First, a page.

Judges 13:2-7, 24-25A
Miracle on 34st Street, whether it is the original movie or one of the remakes, seems to be playing on television and on streaming services all over the place at this time of year. The question it addresses is one about the existence of Santa Claus. Looking at the title alone, one could ask a simple question without even seeing the movie: Do miracles really happen?
An Everyday Stewardship Reflection for the Solemnity of Our Lord Jesus Christ, King of the Universe
One day when I was walking the city streets where I was giving a series of talks, I saw what appeared to be an older woman hunched over with a sign asking for help. At first I passed her, on my way to visit the local drugstore. But then I came back around when I realized I had not been very mindful upon first seeing her. I didn’t have much cash to give her, but as I always tell everyone else in my talks, often times what people need more than cash is someone to at least acknowledge them. I reached into my pocket to give her what little I had and I simply said, “Hello. I hope you are okay and I hope you can use this.”
This is a guest post from Chuck Frost.
Frederic Ozanam was a law student at the University of the Sorbonne in the 1830’s. During his time at the university, Frederic started a discussion club composed of Catholics, atheists, and agnostics. They met to discuss the issues of the day and often these meetings turned into lively and heated debates. During one meeting, Frederic spoke about Christianity’s role in civilization and while some of his detractors acknowledged the good that Christians had done in the past, one of the group members pointedly asked Frederic: “Let us be frank, Mr. Ozanam; let us also be very particular. What do you do besides talk to prove the faith you claim is in you?”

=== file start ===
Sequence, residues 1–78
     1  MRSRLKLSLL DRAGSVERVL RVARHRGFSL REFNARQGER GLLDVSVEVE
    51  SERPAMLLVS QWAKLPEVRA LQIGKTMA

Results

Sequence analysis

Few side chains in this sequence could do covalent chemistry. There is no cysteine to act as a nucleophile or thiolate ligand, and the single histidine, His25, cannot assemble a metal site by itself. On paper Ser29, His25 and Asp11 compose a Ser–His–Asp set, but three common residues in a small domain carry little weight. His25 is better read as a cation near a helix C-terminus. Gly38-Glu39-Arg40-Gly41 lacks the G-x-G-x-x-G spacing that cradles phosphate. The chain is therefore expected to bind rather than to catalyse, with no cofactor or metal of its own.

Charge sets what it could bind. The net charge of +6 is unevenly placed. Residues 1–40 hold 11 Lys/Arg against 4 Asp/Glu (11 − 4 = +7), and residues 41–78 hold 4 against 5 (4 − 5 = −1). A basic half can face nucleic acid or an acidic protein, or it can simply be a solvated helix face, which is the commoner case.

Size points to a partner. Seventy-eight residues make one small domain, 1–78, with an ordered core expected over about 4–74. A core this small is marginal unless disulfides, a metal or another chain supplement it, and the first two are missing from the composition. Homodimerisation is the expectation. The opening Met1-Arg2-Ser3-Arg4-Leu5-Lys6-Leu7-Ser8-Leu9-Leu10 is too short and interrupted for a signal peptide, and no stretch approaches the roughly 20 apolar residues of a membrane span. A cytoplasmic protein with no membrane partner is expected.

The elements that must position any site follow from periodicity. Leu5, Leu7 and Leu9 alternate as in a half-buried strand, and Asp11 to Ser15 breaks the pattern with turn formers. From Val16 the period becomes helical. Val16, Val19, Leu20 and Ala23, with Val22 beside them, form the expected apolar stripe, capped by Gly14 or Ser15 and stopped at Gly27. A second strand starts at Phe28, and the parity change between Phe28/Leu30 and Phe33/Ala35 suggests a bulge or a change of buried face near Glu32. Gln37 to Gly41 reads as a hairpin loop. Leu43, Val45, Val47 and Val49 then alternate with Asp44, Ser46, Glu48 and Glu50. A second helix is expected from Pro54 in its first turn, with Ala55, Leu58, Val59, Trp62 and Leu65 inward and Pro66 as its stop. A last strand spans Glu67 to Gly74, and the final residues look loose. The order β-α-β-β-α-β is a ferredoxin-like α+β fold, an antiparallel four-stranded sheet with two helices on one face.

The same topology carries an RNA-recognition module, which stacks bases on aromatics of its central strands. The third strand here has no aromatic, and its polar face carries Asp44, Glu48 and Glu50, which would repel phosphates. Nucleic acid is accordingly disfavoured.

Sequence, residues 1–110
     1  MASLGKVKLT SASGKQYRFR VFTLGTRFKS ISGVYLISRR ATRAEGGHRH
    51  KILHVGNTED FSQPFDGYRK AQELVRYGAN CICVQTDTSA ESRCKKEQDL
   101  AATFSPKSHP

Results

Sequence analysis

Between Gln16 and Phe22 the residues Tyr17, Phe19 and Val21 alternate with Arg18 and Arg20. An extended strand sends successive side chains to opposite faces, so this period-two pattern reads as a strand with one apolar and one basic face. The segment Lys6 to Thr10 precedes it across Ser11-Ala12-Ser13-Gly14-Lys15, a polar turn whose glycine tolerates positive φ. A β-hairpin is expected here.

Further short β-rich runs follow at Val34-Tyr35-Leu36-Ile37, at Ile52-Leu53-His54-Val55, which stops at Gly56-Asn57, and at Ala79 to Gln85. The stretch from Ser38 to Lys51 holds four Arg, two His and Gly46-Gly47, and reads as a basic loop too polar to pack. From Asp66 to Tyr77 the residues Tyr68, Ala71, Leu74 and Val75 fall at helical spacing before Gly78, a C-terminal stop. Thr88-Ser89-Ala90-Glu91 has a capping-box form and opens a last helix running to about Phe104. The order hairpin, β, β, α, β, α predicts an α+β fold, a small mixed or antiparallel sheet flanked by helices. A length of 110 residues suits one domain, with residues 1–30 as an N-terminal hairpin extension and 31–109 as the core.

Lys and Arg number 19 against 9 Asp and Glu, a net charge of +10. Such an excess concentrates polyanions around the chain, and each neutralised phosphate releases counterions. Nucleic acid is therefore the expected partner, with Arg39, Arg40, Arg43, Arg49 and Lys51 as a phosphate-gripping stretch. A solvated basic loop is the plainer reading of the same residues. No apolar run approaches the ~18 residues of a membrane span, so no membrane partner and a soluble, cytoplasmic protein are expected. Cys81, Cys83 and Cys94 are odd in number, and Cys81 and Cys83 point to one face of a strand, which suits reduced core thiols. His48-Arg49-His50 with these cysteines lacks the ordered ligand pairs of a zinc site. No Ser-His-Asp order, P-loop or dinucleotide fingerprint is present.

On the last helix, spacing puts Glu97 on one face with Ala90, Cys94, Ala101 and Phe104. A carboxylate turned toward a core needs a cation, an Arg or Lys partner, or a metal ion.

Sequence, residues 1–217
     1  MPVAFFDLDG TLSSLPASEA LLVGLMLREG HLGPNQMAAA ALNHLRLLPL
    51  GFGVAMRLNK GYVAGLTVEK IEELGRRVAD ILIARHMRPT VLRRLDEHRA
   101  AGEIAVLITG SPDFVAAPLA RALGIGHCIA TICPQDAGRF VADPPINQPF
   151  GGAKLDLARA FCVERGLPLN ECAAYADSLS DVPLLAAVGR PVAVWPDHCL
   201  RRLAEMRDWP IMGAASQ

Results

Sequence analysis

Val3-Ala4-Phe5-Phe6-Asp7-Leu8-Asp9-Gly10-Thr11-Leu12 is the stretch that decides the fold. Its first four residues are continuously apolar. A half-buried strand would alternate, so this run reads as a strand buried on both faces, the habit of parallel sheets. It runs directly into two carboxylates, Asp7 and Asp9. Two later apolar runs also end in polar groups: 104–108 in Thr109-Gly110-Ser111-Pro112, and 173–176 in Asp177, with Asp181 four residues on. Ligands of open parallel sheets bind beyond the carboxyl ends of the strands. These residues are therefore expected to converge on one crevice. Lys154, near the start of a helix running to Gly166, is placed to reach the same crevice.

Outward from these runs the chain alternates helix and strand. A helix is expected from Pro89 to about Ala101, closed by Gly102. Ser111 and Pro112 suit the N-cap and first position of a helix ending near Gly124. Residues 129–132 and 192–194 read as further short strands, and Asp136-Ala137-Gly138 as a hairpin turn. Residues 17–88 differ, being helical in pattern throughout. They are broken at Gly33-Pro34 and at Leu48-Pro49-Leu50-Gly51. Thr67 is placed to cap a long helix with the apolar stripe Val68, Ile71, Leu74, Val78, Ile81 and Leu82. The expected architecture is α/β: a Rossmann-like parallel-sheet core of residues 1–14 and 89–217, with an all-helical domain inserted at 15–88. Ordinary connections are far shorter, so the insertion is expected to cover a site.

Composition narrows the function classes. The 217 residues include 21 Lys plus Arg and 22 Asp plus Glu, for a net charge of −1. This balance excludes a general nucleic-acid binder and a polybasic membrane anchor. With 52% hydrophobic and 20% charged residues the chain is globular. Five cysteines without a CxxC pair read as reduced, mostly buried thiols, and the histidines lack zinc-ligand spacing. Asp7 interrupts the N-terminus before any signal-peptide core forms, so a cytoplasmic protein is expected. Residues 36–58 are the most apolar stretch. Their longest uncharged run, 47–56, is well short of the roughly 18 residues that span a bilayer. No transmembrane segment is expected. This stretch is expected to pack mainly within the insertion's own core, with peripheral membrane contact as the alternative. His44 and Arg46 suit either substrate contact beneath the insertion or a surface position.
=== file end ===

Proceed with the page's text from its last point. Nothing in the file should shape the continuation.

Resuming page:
An Everyday Stewardship Reflection for the 33rd Sunday in Ordinary Time
I remember watching a television show about a high school that dug up a time capsule students had buried 25 years earlier. They had buried it with the purpose of showing others many years later the trends of the day and how student life was at that time. It was a fun exercise and everyone, the current students as well as those now grown, laughed at the clothing styles, corny photos, and lack of technology from years ago.
An Everyday Stewardship Reflection for the 32nd Sunday in Ordinary Time
For all I know this Everyday Stewardship reflection is the last one you will ever read. That’s not because I fear you will no longer get something out of reading these. At least, I hope not! It is because Jesus may very well return by this time next week. Then there will be no more need for reflections like these in bulletins, on websites, or wherever else you are reading this. You think the odds are against this happening in the next few days? I can gamble from time to time, but I guess this is not something I am willing to say won’t happen for sure. We do believe Jesus will come again, don’t we?
An Everyday Stewardship Reflection for the 31st Sunday in Ordinary Time